How big is a child’s portion: do you know?

Chips, jellybeans and broccoli – how much should your toddler or preschooler really eat?

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Do you know the correct portion sizes for your child? Do you know how much of each type of food is healthy for a toddler or preschooler?

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Quite likely not, according to new research: a poll of 1000 parents has found that 79% of children aged 1 to 4 are often given more than the recommended portion size for their age, and about 1 in 10 of us parents regularly serves up adult-sized portions to our little ones.

The poll, commissioned by the Infant & Toddler Forum (ITF), confirms concerns that many of us parents could unknowingly be overfeeding our children simply by getting our child portion sizes out of kilter. Recently, the head of Public Health England, Duncan Selbie, said dishing up larger-than-needed portions is one of the ways children can end up overweight or obese. His suggestion was to give children their food on smaller plates at meal times; he said that was a “small example of common sense”.

But perhaps even more helpful is to know how much to put on a child’s plate – however small or big it is. 

So, the ITF has provided us with handy pictures (above) of the optimum healthy portion-size ranges for children aged 1 to 4 years.

As a general rule, the taller and the more active your under-5, the bigger their portion can be – within the healthy range. So, looking at the plates of thick-cut chips we’ve pictured above, a small or not-so-active child should have the portion on the far left (4 chips), while a taller, more active 1 to 4 year-old could have the plate on the far right (8 chips).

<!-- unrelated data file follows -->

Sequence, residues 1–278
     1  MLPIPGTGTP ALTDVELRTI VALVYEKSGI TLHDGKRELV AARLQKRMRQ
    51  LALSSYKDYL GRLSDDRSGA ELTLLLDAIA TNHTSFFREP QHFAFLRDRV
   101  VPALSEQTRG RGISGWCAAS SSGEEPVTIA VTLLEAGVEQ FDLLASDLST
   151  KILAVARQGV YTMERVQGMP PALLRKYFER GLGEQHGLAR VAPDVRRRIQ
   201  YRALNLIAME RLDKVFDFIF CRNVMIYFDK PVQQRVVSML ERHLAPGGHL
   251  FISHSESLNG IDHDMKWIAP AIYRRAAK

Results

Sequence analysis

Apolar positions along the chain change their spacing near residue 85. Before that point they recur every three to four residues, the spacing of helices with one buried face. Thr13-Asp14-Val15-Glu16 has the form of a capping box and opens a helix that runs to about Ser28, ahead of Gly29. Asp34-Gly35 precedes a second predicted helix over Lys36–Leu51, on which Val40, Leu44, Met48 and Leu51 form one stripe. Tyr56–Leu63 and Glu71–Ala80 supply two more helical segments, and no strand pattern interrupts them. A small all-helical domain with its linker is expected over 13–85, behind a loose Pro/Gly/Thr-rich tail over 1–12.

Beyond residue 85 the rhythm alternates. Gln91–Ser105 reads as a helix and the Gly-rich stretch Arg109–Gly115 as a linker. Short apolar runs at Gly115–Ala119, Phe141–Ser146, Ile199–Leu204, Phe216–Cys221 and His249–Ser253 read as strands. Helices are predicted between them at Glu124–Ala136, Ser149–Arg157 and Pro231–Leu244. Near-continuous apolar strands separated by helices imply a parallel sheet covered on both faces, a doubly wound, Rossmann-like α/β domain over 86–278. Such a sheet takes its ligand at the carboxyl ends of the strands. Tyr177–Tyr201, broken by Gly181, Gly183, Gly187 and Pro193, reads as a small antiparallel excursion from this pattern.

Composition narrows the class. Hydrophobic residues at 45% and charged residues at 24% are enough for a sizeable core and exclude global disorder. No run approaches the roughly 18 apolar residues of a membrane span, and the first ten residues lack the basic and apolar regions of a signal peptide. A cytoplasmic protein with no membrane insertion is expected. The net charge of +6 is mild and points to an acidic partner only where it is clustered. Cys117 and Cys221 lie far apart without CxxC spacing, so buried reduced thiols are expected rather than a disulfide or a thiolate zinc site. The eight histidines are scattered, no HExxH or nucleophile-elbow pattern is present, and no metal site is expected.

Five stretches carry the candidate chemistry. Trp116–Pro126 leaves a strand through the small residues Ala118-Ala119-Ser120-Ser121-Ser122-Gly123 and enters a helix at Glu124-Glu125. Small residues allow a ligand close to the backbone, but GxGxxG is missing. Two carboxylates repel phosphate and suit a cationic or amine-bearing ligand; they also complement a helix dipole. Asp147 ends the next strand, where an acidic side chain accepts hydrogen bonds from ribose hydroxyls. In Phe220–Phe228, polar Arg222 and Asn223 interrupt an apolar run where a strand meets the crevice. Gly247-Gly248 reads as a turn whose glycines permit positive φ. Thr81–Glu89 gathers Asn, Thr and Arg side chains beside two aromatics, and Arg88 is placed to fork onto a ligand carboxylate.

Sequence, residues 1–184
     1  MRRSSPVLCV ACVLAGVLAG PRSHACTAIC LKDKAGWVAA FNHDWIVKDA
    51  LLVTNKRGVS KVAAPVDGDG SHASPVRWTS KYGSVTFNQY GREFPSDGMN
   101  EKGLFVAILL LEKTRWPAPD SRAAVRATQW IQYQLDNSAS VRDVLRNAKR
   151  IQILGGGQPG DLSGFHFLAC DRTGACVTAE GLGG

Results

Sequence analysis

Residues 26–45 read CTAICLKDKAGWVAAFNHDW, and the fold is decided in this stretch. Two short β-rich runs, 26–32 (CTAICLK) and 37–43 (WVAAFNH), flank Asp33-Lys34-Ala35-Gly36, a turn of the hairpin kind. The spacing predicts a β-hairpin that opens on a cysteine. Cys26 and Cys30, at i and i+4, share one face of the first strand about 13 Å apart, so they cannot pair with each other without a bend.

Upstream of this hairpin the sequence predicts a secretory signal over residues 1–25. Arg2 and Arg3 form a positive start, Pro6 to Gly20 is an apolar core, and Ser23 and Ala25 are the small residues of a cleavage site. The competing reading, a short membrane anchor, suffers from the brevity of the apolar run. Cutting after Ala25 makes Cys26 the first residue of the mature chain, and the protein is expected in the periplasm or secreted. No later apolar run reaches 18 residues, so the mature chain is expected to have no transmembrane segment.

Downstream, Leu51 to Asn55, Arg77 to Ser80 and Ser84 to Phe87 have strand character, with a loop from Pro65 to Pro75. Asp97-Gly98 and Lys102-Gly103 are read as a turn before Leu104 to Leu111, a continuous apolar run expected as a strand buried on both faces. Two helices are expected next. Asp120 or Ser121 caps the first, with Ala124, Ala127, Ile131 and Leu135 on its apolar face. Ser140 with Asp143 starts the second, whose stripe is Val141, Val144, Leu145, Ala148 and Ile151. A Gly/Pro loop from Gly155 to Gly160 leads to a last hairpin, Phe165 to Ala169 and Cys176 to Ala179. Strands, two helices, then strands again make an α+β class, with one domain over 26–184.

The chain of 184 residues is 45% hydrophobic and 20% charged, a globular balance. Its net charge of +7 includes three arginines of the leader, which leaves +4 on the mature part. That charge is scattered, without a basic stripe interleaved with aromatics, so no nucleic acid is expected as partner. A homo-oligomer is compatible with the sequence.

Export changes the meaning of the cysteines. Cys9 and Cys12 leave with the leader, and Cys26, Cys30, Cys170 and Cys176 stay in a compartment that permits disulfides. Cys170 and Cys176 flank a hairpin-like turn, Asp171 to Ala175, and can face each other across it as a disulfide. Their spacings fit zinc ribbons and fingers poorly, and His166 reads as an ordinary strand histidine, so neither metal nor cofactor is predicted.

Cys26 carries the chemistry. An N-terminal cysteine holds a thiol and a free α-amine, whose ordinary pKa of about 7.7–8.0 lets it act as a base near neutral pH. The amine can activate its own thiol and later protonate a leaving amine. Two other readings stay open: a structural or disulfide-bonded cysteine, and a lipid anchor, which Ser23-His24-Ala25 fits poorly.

And it’s the same for the cucumber: 4 to 10 slices, depending on height and activity levels. 

Bread, pasta, potatoes

A portion is about the size of your child’s cupped fist.

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Fruit and veg

A portion is about the size of your child’s cupped handful.

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Milk, cheese and yoghurt

A portion is about the width of your child’s 2 fingers.

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Meat, fish, eggs, chickpeas, lentils

A portion is about the size of your child’s palm.

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Cakes and sweets

The experts at ITF suggest we only give high-energy treats (sweets and snacks) “occasionally” and “in limited amounts”.

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This translates to 6 to 8 small chocolate buttons or 3 jellybeans per child. Or 3 squares of chocolate or 4 to 6 crisps.

So, what do you think of these portion sizes? Are they smaller (or bigger) than you expected? Do let us know in the comments below!

Photos: The Infant Toddler Forum

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